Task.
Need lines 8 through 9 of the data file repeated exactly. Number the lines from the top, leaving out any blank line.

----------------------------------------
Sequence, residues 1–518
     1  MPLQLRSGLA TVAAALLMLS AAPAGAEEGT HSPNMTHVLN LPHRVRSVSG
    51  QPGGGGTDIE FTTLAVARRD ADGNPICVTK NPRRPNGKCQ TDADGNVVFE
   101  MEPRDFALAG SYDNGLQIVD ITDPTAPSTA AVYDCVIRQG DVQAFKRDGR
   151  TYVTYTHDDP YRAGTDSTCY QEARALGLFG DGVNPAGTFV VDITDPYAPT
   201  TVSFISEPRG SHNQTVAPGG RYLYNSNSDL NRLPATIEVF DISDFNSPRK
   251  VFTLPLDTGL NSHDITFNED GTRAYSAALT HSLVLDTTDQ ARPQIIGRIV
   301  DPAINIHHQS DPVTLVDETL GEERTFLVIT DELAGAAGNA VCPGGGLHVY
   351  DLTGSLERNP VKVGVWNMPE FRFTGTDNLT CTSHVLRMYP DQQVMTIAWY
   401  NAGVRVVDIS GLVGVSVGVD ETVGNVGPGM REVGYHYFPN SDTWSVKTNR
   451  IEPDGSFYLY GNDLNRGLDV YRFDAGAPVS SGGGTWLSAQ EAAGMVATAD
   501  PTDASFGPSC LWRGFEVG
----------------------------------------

   301  DPAINIHHQS DPVTLVDETL GEERTFLVIT DELAGAAGNA VCPGGGLHVY
   351  DLTGSLERNP VKVGVWNMPE FRFTGTDNLT CTSHVLRMYP DQQVMTIAWY